It's early morning in Cape Town and Bennie Griessel, homicide detective with the South African Police Service, has a bad feeling. He's been sober for nearly six months--156 days. But day 157 is going to be tough. A teenage girl's body has been found on the street, her throat cut. The girl was an American--a P.R. nightmare in the #1 tourist destination in South African. And she wasn't alone. Somewhere in Cape town her friend, Rachel Anderson, an innocent American girl, is hopefully still alive.
In Thirteen Hours , the latest from the man hailed as the "King of South African Crime," Detective Griessel races against the clock to unravel two murders and track down Rachel Anderson in a single day. The book opens with Rachel on the run, terrified and unsure of where to turn. She manages to hide, but overhears one of the men say something about calling "their police." Can she even turn to the cops? Then the men spot her, and she takes off again. The chase is unrelenting. Meyer is an expert at grabbing the reader and refusing to let go. The pages fly by with a sense of desperation for Rachel's safety and a burning curiosity for why the men are after her--a secret Meyer keeps until the final pages.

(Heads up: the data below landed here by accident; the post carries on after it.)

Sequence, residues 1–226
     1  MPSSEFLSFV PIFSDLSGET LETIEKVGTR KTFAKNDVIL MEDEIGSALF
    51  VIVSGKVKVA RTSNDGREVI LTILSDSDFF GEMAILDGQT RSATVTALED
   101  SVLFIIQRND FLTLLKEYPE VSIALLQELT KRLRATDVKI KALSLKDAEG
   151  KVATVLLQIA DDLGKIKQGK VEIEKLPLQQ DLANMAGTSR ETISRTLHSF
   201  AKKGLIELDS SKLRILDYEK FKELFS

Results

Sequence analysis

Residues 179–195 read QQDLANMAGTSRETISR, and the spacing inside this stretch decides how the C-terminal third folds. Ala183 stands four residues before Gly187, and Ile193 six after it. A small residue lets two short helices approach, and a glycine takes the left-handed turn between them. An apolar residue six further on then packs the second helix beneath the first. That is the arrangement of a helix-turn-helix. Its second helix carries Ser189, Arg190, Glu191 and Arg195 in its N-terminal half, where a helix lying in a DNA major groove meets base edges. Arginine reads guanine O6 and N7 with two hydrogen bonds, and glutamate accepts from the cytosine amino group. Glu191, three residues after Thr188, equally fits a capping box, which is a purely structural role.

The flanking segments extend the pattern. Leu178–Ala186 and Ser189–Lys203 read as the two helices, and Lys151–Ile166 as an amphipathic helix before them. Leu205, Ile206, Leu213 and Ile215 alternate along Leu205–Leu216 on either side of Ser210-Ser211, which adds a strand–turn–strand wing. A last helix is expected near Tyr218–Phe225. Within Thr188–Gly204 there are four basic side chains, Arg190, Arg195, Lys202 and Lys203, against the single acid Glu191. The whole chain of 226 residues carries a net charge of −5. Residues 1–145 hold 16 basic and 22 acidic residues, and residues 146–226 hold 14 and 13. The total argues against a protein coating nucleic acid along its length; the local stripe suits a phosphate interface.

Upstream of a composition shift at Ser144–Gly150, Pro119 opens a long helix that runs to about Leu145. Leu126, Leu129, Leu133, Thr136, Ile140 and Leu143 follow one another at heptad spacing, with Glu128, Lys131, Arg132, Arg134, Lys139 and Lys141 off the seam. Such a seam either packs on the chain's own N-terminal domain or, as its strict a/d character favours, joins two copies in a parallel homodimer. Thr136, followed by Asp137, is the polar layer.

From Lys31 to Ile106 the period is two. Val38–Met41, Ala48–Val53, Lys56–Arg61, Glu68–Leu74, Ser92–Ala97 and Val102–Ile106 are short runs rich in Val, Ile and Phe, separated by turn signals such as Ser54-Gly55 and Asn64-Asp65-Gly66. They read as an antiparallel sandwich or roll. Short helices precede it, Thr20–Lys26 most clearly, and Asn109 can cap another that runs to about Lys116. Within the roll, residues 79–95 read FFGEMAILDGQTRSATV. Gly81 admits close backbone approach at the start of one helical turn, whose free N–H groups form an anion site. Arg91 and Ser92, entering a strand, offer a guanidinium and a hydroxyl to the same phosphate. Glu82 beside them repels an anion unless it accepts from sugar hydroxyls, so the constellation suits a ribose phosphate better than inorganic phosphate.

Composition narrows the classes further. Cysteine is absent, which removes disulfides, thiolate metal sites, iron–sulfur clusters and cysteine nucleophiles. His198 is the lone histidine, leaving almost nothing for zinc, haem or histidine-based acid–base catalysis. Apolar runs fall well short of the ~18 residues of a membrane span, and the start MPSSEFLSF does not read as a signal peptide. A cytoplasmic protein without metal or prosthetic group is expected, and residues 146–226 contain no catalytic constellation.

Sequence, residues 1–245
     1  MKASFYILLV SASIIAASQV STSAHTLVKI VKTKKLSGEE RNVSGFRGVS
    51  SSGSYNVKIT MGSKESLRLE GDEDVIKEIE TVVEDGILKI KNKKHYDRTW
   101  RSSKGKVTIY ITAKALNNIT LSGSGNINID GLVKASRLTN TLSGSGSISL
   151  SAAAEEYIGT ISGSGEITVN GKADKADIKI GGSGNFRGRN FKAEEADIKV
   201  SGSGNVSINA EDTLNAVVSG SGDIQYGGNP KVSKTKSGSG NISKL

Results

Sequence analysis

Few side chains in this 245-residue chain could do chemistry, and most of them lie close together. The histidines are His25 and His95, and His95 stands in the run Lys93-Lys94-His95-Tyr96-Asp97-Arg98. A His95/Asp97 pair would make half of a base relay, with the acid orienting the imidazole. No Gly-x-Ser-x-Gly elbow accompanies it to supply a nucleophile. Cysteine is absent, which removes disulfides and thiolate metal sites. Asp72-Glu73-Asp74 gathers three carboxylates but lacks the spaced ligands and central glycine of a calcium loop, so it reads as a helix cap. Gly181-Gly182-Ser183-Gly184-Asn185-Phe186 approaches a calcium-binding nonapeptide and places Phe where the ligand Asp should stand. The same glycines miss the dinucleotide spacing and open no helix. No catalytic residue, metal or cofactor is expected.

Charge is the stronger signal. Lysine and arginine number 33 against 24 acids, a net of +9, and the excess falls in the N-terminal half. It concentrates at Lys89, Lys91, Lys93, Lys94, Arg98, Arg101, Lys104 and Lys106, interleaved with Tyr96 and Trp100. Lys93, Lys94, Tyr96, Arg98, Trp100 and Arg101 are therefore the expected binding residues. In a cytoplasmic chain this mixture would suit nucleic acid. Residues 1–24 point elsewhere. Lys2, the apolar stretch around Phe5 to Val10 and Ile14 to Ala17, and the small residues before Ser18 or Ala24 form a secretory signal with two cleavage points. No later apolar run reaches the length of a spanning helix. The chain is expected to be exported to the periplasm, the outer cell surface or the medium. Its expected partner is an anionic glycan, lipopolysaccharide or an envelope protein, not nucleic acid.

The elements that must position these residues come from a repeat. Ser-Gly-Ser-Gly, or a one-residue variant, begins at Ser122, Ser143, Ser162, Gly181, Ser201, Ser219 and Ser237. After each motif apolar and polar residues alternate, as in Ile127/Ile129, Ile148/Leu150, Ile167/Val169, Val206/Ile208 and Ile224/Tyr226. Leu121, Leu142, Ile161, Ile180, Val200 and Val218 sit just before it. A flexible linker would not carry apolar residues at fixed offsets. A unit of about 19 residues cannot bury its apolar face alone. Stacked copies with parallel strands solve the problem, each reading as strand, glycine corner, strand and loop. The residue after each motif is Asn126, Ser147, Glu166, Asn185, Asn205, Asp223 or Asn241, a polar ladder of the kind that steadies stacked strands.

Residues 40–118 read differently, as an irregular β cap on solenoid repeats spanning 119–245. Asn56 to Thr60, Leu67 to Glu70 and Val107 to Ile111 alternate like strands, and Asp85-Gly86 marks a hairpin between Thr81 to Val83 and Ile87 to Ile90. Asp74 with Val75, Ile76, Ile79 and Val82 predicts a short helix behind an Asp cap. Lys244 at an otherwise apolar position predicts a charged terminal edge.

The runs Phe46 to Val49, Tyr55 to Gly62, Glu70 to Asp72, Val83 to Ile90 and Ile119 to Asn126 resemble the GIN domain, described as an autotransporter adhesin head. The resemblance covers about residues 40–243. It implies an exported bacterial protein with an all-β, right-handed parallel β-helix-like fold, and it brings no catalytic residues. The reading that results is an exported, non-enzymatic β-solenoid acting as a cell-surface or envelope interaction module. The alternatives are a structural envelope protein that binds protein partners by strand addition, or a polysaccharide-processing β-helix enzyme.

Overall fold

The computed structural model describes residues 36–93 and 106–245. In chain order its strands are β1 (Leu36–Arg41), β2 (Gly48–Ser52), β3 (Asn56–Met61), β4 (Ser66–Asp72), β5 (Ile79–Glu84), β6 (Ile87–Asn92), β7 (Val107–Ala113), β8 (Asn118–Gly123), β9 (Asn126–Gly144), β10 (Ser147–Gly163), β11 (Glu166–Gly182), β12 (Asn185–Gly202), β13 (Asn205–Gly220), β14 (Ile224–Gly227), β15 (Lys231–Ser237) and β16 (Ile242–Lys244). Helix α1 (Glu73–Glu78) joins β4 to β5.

There is a second murder investigation in Thirteen Hours , and it's fascinating. An alcoholic singer wakes up next to a gun and her husband's dead body. A famous lothario music producer, Adam had a few people who might have wanted him dead, including the husband of a gospel singer who committed "the Big Sin" with Adam on his desk the day before. Bennie Griessel dives into the case. He has real sympathy for Alexa, the suffering alcoholic. Temptation is never far away for Bennie, and seeing how her first drink eases her pains is dangerous. He also has some well-founded doubts about the crime scene. Adam was shot late at night, when Alexa would have been drunk and incapacitated. What's more, there are no shell casings from the spent rounds; Adam was killed elsewhere.
Meanwhile a telephone rings in a suburban home in Indiana. Rachel has managed to reach a pay phone in a deli and call her parents. They are distraught, desperate to help and start making their own calls. Phones start ringing around the country, up the political ladder, reaching across to the U.S. Ambassador in Pretoria, the South African police, and finally Bennie Griessel. He vows to Rachel's father that he won't rest until he finds her, and he doesn't rest, racing to track her down and bring her home safe.
Thirteen Hours was a #1 bestseller in South Africa, and received excellent reviews. "So engaging you can get paper cuts from turning pages too fast," the Mail & Guardian said. Another paper raved "the message is simple: Thirteen Hours is available, it does not matter how much it costs, just go buy it." ( Beeld ) It is that good. It's atmospheric--you get a sense of Cape Town as an outsider and an insider--and gripping from page one. You simply can't put it down.